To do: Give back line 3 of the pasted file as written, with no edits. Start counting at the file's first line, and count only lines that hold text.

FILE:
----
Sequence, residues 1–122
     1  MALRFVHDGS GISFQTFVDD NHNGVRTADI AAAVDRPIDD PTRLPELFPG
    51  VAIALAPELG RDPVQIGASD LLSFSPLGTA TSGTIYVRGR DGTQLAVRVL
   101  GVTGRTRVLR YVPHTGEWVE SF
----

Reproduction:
    51  VAIALAPELG RDPVQIGASD LLSFSPLGTA TSGTIYVRGR DGTQLAVRVL